Lawsuit seeks to overturn Minnesota abortion restrictions
ST. PAUL, Minn. (AP) — Abortion-rights supporters filed a lawsuit Wednesday seeking to overturn Minnesota’s restrictions on abortion, including its 24-hour waiting period and parental notification requirements.
The lawsuit, filed by Gender Justice and the Lawyering Project, argues that the restrictions violate the Minnesota Constitution and aren’t necessary to protect patient health or other compelling state interests. The suit argues that opponents have chipped away at a 1995 state Supreme Court decision that affirmed a woman’s right to an abortion.
“Minnesota’s abortion laws are not only outdated, they’re harmful,” Megan Peterson, executive director of St. Paul-based Gender Justice, said at a news conference. “Far too often they prevent people from getting the care that they need when they need it. They force health care providers to follow politically motivated mandates rather than best practices and standards of care.”
The lawsuit, which was filed in Ramsey County District Court, runs counter to the trend of states across the country imposing stricter restrictions on access to abortion with the goal of getting the U.S. Supreme Court to reconsider its landmark 1973 ruling that legalized abortion.
Those efforts make the legal challenge to Minnesota’s restrictions all the more essential, said Amanda Allen, senior counsel with the New York-based Lawyering Project.
However, Paul Stark, a spokesman for Minnesota Citizens Concerned for Life, the state’s largest anti-abortion rights group, criticized the lawsuit as extreme.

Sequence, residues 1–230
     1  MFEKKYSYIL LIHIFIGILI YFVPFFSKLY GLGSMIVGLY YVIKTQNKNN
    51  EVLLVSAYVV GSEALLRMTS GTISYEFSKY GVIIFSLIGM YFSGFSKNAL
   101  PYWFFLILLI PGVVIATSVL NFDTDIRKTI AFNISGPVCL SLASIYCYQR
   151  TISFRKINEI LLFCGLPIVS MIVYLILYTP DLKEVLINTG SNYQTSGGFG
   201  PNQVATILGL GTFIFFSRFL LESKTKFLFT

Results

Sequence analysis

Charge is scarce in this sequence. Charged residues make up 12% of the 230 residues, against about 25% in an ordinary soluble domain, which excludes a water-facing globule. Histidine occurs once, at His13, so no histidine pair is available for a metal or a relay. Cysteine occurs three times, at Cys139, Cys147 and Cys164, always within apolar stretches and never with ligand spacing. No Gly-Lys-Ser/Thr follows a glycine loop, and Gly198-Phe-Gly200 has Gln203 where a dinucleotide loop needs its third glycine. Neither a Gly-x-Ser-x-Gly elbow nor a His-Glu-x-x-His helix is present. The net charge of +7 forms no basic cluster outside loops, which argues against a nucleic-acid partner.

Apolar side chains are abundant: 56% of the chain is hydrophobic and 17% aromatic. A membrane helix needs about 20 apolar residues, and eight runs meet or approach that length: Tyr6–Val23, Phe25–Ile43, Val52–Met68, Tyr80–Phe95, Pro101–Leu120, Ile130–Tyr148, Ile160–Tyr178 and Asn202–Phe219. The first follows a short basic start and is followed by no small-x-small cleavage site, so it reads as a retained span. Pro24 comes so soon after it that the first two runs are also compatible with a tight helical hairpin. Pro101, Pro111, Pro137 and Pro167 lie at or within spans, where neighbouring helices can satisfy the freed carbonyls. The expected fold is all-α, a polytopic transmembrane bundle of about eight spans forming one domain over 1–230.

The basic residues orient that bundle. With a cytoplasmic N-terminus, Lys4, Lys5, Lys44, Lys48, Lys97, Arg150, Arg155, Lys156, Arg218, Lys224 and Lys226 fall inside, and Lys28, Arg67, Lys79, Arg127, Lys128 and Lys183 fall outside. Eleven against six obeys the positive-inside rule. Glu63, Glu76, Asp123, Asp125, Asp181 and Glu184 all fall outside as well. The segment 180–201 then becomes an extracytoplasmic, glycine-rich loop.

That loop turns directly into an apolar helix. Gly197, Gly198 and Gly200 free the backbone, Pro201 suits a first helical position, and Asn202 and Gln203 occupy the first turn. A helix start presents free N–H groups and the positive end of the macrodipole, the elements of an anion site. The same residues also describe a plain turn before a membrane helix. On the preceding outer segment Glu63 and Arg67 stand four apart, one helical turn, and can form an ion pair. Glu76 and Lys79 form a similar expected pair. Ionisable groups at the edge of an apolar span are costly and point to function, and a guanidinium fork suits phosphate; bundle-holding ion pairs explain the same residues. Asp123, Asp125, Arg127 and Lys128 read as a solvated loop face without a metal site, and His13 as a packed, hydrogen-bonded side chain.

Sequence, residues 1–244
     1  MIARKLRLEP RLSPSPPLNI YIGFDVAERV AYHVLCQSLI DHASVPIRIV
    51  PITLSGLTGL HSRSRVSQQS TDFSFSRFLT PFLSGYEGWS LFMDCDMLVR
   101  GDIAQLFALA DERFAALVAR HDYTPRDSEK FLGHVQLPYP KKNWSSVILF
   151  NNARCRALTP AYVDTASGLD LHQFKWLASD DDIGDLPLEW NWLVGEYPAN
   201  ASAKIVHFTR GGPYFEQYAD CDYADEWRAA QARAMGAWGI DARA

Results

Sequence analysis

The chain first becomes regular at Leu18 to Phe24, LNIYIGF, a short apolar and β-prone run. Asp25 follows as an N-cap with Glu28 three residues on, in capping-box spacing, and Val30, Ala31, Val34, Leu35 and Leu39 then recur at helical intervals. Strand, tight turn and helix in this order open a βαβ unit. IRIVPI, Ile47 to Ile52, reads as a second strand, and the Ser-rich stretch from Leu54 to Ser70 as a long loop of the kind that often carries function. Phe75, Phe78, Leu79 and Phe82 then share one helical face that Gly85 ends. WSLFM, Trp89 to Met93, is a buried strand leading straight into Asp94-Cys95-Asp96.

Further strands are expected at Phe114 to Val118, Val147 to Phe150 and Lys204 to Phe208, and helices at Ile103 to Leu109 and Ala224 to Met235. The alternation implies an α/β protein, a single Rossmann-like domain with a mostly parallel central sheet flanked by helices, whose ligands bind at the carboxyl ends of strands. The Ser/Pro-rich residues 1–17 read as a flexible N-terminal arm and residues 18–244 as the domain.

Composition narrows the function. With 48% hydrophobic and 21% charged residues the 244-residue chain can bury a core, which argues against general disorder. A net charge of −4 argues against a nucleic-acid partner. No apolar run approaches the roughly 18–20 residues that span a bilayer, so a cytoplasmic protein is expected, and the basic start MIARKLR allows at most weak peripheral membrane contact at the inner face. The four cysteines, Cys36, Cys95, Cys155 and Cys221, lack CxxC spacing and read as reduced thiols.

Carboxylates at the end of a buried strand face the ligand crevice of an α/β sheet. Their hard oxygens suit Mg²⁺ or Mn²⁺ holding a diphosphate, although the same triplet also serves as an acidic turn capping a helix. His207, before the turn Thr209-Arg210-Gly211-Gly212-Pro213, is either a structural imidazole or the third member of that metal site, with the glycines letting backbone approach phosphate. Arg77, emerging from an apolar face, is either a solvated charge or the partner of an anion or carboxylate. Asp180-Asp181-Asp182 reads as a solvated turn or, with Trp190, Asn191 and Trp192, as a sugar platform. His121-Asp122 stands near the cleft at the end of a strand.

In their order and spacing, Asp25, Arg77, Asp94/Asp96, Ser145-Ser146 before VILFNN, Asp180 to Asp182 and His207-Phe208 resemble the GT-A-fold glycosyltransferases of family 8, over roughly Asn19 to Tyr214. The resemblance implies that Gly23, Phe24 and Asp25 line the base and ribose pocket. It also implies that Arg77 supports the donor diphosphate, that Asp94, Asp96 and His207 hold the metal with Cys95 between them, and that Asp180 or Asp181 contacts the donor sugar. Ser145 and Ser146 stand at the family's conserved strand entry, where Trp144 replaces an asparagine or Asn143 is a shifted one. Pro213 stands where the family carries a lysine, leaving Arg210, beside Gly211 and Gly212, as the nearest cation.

“This is a very far-reaching lawsuit. It challenges laws that are reasonable and common-sense,” Stark said.
The challenged statutes include mandates that only physicians can perform abortions; that abortions after 16 weeks be performed in hospitals; and that providers report detailed data on each patient to the state.
Another law challenged by the lawsuit requires doctors to discuss with patients a list of required disclosures, including the risks and alternatives to abortion, the availability of medical assistance benefits and child support for women who carry to term, and the pain a fetus might feel.
The lawsuit also seeks to void requirements for a 24-hour waiting period after those disclosures are made, for notifying both parents of a minor in advance (with some exceptions), and for burying or cremating fetal tissue instead of treating it like medical waste. Some of those laws carry felony criminal penalties, civil penalties and professional discipline by the state medical and nursing boards.
According to data from the abortion-rights group NARAL Pro-Choice America, Minnesota’s restrictions place the state in a middle zone between states with strict restrictions on access to abortion and those with strong abortion rights. Some states have strengthened those rights in recent months, in case the U.S. Supreme Court rolls back its 1973 ruling, in which case abortion policy would revert to the states.
The lawsuit puts Democratic Attorney General Keith Ellison in a difficult position as both a staunch progressive and abortion-rights supporter.
“I have a long history standing for the right to privacy and reproductive freedom, and I hold these views proudly,” Ellison said in a statement. “I am also Minnesota’s chief legal officer: in that capacity, I have a duty to defend the constitutionality of Minnesota statutes and will do so in this case.
“We will review the complaint as soon as we are served, will evaluate our strategy, and will respond in due course.”
Republican House Minority Leader Kurt Daudt said abortion opponents will be watching.
“Attorney General Ellison must put his personal ideology aside and defend the laws of our state — we will be watching closely to make sure his office mounts a credible defense against this outrageous attack on Minnesota’s pro-life laws,” Daudt said in a statement.